A lifetime of cycling – part 6

Posted: March 9, 2011 in 2011, General

Followers of this series will have seen my cycling progress from a little trike with a rusty blue boot, through to Time Trialling and circuit racing.  The time has come to begin the charting of my time spent in the mud.

The early years were a bit sad really. I went down the oh so familiar route of buying a mountain bike as a bit of a novelty, something to bimble around the highways and byways on, maybe pop into the forest from time to time on and finally as a commuting bike. I had persuaded myself that such a bike was necessary but had no idea what to buy, what was out there and even less, where to buy it. At the time, the only bike shop I trusted was Buck’s Bikes in Ipswich (long gone now I think). They made awesome wheels, several people I knew shopped there and therefore they must be the best place to buy a mountain bike from. Flawed logic I am afraid but, the day I went over to see them, one of their mountain bike race team was there and he was assigned to help me out.

Where do you start? I had no idea what I was doing, what I needed to ask for, which brands were good, which were awful still less what the difference between each type of bike. In the late 1980s, buying a mountain bike was a lot simpler than it is now. Mountain bikes were relatively rare beasts and there wasn’t much to choose from. A few minutes of intense questioning, and the chap in the shop had the measure of me. He recommended a Specialized Hard Rock just the same as the one shown here, but in green. There was a different saddle and the pedals were resin with clips and straps. I honestly don’t remember if it was heavy or light, but it was mine! I carefully packed it into the boot and drove home from Ipswich. In retrospect, then as now, the Hard Rock was a good platform from which to start learning. The build and component quality was fine and the frame design was pretty spot on for the time.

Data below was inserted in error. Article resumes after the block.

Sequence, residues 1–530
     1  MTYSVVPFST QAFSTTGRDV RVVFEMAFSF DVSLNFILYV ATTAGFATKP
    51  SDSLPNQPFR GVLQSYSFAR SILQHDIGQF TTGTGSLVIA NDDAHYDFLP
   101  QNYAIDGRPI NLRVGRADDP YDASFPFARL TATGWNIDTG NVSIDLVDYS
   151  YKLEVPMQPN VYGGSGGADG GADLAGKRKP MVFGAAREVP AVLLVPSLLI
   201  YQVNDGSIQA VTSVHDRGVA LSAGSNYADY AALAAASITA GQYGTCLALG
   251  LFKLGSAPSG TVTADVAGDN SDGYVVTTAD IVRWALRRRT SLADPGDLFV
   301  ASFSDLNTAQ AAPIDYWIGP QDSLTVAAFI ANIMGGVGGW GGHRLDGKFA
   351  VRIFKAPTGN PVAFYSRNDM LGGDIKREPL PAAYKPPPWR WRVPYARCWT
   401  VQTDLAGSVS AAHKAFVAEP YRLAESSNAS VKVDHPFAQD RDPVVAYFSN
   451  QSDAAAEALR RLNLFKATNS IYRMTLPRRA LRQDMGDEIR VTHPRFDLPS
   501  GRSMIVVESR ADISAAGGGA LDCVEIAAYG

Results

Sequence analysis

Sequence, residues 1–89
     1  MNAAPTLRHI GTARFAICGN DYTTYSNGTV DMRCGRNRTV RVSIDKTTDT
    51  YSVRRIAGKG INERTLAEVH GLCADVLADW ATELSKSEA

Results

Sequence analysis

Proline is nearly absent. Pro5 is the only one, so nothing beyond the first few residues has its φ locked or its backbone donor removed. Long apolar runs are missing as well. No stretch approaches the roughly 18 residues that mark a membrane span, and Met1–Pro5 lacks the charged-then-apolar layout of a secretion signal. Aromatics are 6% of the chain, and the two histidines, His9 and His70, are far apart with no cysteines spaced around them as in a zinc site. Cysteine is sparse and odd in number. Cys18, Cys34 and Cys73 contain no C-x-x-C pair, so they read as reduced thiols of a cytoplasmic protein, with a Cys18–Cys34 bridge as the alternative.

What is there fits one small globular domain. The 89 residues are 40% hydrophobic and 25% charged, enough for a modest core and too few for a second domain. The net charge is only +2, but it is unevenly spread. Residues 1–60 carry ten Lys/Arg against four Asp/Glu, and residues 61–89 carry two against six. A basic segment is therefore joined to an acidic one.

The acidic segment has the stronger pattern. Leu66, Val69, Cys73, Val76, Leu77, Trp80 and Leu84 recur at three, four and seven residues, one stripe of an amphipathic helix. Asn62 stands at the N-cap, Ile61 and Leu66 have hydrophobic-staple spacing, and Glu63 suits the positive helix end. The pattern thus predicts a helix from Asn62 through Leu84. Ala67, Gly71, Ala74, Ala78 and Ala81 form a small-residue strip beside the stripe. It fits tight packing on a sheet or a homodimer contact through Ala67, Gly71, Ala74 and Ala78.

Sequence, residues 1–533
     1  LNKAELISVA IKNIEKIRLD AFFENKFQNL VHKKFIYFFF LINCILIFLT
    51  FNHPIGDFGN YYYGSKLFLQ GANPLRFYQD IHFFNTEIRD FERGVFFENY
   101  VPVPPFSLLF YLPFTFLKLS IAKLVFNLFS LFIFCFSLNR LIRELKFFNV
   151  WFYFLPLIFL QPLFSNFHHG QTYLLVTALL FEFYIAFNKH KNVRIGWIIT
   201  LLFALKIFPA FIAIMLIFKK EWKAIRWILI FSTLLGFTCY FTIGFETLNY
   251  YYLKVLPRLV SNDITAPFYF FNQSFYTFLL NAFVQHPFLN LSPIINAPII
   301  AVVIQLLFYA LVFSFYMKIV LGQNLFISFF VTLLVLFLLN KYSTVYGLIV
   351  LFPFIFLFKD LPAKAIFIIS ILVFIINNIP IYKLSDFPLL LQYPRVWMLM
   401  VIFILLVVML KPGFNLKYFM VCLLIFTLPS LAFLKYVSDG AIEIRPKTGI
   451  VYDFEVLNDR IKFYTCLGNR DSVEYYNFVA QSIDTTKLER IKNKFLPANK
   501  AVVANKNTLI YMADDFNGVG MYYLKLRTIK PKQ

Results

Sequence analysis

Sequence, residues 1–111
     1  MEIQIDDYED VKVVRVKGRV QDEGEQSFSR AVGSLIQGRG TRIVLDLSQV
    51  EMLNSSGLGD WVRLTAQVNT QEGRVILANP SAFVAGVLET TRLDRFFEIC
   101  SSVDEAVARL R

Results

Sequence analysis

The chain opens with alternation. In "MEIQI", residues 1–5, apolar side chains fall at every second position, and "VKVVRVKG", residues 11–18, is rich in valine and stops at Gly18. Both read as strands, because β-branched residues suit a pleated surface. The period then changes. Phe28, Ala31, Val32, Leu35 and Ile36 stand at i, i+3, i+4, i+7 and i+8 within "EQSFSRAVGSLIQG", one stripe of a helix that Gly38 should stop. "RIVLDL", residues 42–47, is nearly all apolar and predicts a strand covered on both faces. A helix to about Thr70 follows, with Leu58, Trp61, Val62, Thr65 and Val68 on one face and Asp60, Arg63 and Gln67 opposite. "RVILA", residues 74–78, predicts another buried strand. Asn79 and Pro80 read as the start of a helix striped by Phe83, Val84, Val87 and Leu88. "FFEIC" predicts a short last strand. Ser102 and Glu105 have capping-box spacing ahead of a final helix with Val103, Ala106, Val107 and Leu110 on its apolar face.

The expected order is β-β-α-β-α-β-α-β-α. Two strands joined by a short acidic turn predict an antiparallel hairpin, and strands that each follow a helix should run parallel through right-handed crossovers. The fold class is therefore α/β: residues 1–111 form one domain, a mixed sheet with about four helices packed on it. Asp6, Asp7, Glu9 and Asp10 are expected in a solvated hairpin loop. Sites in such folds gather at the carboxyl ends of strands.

I can’t remember my first time out on the bike but I do remember the first  time that I ventured off the fire roads and onto singletrack. (You might laugh here but, you have to remember that the trails in Thetford were very poorly defined, lightly ridden, hidden under vegetation and completely devoid of signage or maps. If you didn’t know your way around or if you didn’t have a guide you could have got terribly lost.)

One sunny day then, I parked at High Lodge and followed the fire roads keeping a careful eye on where I was going (so I could get back!). There were no other cyclists around, no one else had bikes in the car park and the ranger I spoke to had no idea of where to ride. Anyway, I set off and eventually found my way to fire road 10 at Mayday. I rode around the grassy clearing a few times and when that got boring I ventured further afield, well towards the road actually. Maybe 25 yards before the gate I spotted a tiny gap in the bracken on the left and decided to go for it. throwing caution to the wind I went as fast as I could, weaving in and out of the trees, through a massive nettle bank and onto a sinuous section of singletrack. I went as far as I could, before it petered out and then I retraced my steps agin and again and again. I loved it, it was fun, completely different to riding on the road and surely I’d master it in no time at all. Buoyed up with all the enthusiasm of a recent convert, I popped back out to FR10 and went in search of more. I failed, and concluded I had probably ridden the one and only fun bit of track in the forest! I headed back to High Lodge and went home, concluding that riding fire roads was going to be good fun, as long as I could keep popping back to my bit of singletrack (part of the black route now if you hadn’t already guessed).

The following weeks (when not on my road bike) were spent on bridleways, enjoying getting muddy but finding the whole mountain bike thing strangely tiring. I could ride for hours on end, on my road bike but off road I was at the end of my stamina after maybe two hours, and the next day I ached everywhere.

The first thing I worked out was that I needed some decent shoes. Road shoes were no good and trainers were awful. I therefore went to Cambridge one day and popped into Ben Haywards to have a look around. As it happened, they were having a sale (i.e. dumping all the kit they couldn’t shift) and then I saw them! A pair of Nike boots that came up over the ankle bone, had massive velcro closures (to keep your laces under control maybe) and chunky soles. They looked more like trekking boots than cycling shoes but undaunted, I bought them. I also bought a pair of Cannondale shorts so I was set for the trails.

A week or so later, my sister rang up to tell me there was a mountain bike race in Thetford Forest and if i was quick I’d get in. She faxed me the entry form (no internet then) and I sent my cheque off. Entry fee paid, I set about not training. I was fit, I was fast, I could ride singletrack and fore roads, what was there to worry about?


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